During your tooth extraction appointment, your dentist will use a local anaesthetic to make sure the area being treated is fully numb, so you won’t feel any discomfort. If you’re nervous about the anaesthetic, speak to your dentist about the other options available, like sedation, and they’ll be able to recommend the most suitable.
In order to remove your tooth, your dentist might need to take a little gum or bone tissue away first, especially when it’s impacting the tooth needing to be removed. This is particularly common with wisdom teeth. Once the anaesthetic has taken effect, your dentist will use dental forceps to remove your tooth. This is done by moving the tooth back and forth to detach it.
Once the tooth has been fully removed, your dentist will use gauze to stop any bleeding, and use stitches to repair the gap should this be necessary. The whole treatment shouldn’t take longer than 15 minutes.
For more information on tooth extractions, or if you have any queries about our services, get in touch today.
Not to mention the sleepless nights and time off work or education. These problems are commonly caused by a tooth decay and /or recurrent infection in or around the wisdom teeth.
The decision to remove any wisdom tooth is made following a careful examination and discussion our oral surgery specialists. At your consultation appointment you will be advised about whether your wisdom tooth/teeth need removing and you will also be advised regarding the risks and benefits for such a procedure. Wisdom tooth removal may also be done for other reasons such as orthodontic therapy or as part of more complex corrective jaw operations.
We offer wisdom tooth removal under local anaesthetic with or without sedation for phobic patients.
Surgical removal can be required for several reasons. Often, wisdom teeth get stuck (‘impacted’) against the adjacent tooth or within the jawbone and are not able to come through fully into the mouth.
A partially exposed wisdom tooth can be difficult to keep clean. This can then cause chronic infection and discomfort in the surrounding gum tissue. Such infections may require treatment with antibiotics.
A wisdom tooth can also become decayed or cause decay in neighbouring teeth. Your dentist may not be able to treat this decay until the wisdom tooth has been removed.
This depends on the position of your tooth and the way it is impacted. Some can be quite straightforward to remove. More commonly, simple extraction is not possible and surgery is necessary to remove it.
The type of the surgery needed depends on the position of the wisdom tooth. This may influence whether your operation is carried out under local anaesthesia alone or with additional intravenous sedation.
All options can be discussed with you during a consultation appointment.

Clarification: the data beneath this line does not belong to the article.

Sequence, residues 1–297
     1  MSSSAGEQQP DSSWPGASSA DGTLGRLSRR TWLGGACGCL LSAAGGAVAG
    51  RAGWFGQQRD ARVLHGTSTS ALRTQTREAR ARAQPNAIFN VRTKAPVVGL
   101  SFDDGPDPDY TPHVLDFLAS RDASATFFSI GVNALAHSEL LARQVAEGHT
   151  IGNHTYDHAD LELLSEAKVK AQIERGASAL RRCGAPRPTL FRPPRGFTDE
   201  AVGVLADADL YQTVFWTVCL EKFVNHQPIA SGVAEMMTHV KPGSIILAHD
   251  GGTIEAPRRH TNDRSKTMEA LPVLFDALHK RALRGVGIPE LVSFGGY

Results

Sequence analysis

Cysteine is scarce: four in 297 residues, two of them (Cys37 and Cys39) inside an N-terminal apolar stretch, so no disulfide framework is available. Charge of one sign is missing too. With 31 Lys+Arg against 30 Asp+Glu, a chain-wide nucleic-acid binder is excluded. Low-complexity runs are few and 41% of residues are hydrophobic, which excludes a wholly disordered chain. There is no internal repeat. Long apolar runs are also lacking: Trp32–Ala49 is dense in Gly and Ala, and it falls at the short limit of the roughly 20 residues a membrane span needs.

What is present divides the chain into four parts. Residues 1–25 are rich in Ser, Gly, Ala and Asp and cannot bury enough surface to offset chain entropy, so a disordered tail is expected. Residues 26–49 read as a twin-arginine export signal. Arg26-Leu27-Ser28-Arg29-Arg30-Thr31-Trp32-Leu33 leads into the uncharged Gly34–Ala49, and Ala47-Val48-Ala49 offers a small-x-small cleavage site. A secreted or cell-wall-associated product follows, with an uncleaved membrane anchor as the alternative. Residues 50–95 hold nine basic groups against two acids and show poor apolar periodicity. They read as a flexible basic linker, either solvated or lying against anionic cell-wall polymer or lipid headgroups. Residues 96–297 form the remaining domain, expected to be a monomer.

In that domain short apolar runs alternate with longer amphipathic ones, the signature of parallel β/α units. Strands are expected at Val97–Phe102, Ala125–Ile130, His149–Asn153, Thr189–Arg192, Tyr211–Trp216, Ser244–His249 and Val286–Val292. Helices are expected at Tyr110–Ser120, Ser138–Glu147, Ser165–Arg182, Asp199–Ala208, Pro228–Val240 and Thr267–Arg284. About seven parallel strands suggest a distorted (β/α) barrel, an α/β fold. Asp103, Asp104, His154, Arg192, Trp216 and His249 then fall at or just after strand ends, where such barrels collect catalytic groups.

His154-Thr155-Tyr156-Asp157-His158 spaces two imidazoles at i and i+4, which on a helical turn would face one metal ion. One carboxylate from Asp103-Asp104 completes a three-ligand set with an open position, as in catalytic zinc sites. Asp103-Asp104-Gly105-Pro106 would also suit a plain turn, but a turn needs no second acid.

This again depends on the position of your tooth, and whether the operation is being carried out with local anaesthesia alone or with additional intravenous sedation.
An appointment for surgery under local anaesthesia usually lasts 45 minutes. When intravenous sedation is used, an appointment usually lasts 90 minutes. The longer time allows for the recovery period needed before you can be discharged home.
This depends on the operation. If there are any issues in particular to be aware of, they will be discussed with you beforehand. There may be swelling and bruising in the area of surgery as well as some discomfort which might limit jaw opening. Bruising is usually at its most obvious two to three days after surgery and varies between patients. It normally resolves itself after 10 to 14 days.
Occasionally, an impacted lower wisdom tooth can be very close to nerves supplying the lower teeth, lip, chin, cheek and tongue. These can get bruised when the tooth is removed, resulting in the sensation of numbness or tingling in these areas.
This change in sensation only affects 2-5% of patients and is usually temporary. It can take up to six months to fully resolve itself. It only very rarely becomes permanent. If this is a factor for you to be aware of, due to the proximity of your wisdom tooth to the nerves, we will discuss it with you during your consultation.
If appropriate, we might advise that it would be beneficial to arrange a further investigation to assess this potential proximity between your wisdom tooth and the nerve. This would comprise a specialized CT scan to provide a three-dimensional image of the area. A written report of the scan’s findings would also be provided; a further consultation appointment would then be arranged to discuss this report.
After your surgery, we will give you an information sheet with instructions to help bring about a quick recovery. We will discuss this with you before you are discharged home, to ensure that the information is clear and understood.
The main points are as follows.
On the same day, after the operation:
From the following day onward: